For more information about the event contact Brandon Kline, Gaming Club president at bkline001@viking.glenoaks.edu; or Kevin Conner, faculty advisor at kconner@glenoaks.edu.

Photo of Athens Acropolis Parthenon
Destination — Athens and Greek Isles for 2019 Glen Oaks Study Abroad Trip
Greece is the travel destination for the 2019 Glen Oaks Community College Study Abroad program and those in the community who may be interested in traveling to this part of the world are invited to attend.

During the 13-day trip, the group will explore settings, structures and cultures that remain of the once-mighty ancient Greek civilization, including a tour of Athens with visits to the Acropolis and the Parthenon; Olympia and the Argolida region; and a five-day Greek Island cruise with stops at Samos, Patmos, Rhodes, Crete and Santorini, and much more.

Trip price includes round-trip airfare for the group, seven overnight stays in hotels with private bathrooms; four-night cruise cabin accommodations, land and water transportation, daily breakfasts and select local dinners. Guests will be responsible for lunch costs.

“The Glen Oaks Study Abroad program began in the 1990’s,” said Northrop. “Since then locations have included Mexico, France, England, Ireland, Scotland, Spain, China, Honduras, Peru and more. Group sizes have ranged from a low of six to an average of 10 to 15 people. Because the cost is challenging for many college students, community members are always invited to participate.

For more information on the 2019 Study Abroad trip to Greece, email Michael Northrop, professor of humanities and coordinator of the Study Abroad program.

Man walking in fog with large alien shadow waiting.
Brave the Haunted Trails at Glen Oaks – Oct. 30 and 31 if you dare
Members of the community are invited to dodge through the ghosts, goblins and monsters lurking through the vast acres of the Haunted Trails on the campus of Glen Oaks Community College this Halloween. The Haunted Trails event is making a comeback this year after a seven-year hiatus.

Beginning at 7 p.m. on Tuesday, Oct. 30 and 6 p.m. on Wednesday, Oct. 31, fearless guests will meander through about a three-quarter mile section of the 320-acre campus. Admission is $2 per person, and the event will start in the southwest corner of the college’s main parking lot.

Guests can also take advantage of free hayrides on Halloween Night between 5:30 p.m. and 7 p.m.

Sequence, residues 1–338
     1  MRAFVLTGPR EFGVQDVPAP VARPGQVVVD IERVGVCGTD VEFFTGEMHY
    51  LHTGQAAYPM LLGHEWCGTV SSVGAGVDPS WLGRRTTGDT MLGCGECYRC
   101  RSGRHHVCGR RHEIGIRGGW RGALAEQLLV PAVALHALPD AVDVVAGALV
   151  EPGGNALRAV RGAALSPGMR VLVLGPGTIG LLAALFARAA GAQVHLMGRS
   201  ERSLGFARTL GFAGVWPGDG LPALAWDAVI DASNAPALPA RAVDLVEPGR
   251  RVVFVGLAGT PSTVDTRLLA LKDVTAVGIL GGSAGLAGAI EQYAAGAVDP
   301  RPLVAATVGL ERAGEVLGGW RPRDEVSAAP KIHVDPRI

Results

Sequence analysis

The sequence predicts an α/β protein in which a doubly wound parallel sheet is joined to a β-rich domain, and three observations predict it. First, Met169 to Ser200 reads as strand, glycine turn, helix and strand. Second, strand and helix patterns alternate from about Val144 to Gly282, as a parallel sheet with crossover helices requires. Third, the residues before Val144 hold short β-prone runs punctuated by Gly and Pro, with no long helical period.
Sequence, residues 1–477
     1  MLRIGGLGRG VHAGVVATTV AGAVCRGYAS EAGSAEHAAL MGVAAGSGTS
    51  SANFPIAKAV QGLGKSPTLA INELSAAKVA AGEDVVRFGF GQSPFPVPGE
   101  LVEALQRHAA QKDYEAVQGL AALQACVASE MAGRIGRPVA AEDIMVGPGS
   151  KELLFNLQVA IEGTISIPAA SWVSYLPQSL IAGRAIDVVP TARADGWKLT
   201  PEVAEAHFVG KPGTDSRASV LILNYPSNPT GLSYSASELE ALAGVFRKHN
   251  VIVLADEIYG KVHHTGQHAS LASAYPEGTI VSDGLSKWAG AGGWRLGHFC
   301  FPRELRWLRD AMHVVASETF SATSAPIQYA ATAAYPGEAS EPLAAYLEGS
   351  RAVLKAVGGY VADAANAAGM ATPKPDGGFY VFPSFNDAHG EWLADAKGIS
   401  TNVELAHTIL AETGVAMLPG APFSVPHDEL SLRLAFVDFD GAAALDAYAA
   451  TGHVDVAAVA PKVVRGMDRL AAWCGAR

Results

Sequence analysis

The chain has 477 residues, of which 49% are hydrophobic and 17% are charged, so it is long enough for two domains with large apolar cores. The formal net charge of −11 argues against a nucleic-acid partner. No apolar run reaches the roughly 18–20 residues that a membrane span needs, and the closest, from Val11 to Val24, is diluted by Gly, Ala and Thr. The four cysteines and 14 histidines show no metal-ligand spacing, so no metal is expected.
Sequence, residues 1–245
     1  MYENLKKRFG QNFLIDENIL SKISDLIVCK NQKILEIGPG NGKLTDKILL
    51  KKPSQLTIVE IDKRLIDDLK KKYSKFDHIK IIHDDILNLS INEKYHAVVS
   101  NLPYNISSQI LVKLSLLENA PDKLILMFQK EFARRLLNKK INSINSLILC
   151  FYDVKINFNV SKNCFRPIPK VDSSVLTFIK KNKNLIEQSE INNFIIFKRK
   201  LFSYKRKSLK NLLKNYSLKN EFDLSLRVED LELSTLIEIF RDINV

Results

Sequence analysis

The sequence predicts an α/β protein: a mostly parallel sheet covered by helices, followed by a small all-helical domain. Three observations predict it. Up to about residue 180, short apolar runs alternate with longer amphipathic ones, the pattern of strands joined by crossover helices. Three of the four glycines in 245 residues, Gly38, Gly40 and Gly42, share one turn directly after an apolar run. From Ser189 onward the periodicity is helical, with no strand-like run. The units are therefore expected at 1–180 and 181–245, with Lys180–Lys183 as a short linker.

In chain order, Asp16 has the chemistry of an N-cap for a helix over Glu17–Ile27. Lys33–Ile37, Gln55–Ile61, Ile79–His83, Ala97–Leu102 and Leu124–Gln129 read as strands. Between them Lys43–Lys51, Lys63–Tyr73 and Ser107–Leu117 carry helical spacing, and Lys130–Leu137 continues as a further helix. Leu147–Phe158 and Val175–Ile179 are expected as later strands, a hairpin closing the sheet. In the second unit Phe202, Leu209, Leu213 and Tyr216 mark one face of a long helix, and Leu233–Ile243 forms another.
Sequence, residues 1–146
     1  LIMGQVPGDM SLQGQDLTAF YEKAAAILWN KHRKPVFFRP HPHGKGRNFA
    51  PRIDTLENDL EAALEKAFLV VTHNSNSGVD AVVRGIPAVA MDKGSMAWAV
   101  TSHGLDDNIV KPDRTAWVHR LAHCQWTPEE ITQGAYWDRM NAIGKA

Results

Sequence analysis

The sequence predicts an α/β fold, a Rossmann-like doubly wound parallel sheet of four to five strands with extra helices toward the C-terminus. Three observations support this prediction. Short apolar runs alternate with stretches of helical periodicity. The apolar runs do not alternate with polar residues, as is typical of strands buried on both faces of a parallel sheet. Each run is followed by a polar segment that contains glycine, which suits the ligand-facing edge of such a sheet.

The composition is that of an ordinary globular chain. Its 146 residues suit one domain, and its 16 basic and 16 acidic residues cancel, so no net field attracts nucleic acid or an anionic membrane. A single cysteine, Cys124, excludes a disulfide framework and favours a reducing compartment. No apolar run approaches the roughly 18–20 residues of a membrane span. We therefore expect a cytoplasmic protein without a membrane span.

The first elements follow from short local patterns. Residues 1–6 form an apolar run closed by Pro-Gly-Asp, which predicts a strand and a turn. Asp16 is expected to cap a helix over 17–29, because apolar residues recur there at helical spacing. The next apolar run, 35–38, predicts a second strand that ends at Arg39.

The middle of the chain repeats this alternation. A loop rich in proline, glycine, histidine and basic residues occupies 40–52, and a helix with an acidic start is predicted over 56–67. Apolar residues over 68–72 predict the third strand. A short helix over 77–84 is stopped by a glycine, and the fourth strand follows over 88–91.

“This year, we are bringing back a favorite fall activity here at Glen Oaks,” said Rachel Templin, Student Government advisor. “Several of our energetic Student Government members are proud to be able to offer a Haunted Trails event to our local community members and students. All are welcome to participate in this Halloween event!”

Sponsored by Student Government and Phi Theta Kappa, proceeds from the two-day event will go toward funding activities and events for students. The college is located at 62249 Shimmel Rd., in Centreville, Michigan.

Gold coins stacked increasing with each stack.
Glen Oaks Community College Foundation is now accepting scholarship applications for 2019-20 academic year
The Glen Oaks Community College Foundation is accepting scholarship applications from new and returning Glen Oaks students for the 2019-20 academic year.

Through philanthropic efforts of the Foundation, charitable cash gifts have provided many students the opportunity of an education that will in turn help change their lives in a positive way.

The Glen Oaks Community College Foundation reported that for the 2018-19 academic year, 72 students received over $82,000 in scholarships.

A link to the GOCC Foundation Scholarship application is listed under Currently Open Scholarships. Scholarship applications with all required materials must be submitted by 4 p.m., March 1, 2019.

To browse descriptions of the available scholarships, visit the Glen Oaks Community College Foundation Scholarships page. Persons wishing to learn more about establishing a scholarship fund or contributing to an existing fund, should contact the Glen Oaks Community College Foundation.

Contact the GOCC Financial Aid Office with questions by calling (269) 294-4260. Office hours are

8:15 a.m. to 4 p.m., Monday, Thursday and Friday, and 8:15 a.m. to 6 p.m. Tuesday and Wednesday.

Scholarship mini graduation cap on cash
Application open for 2019-20 Presidential and Dean’s Scholarships at Glen Oaks Community College
Glen Oaks Community College is now accepting applications for the Presidential and Dean Scholarships for the 2019-2020 academic year.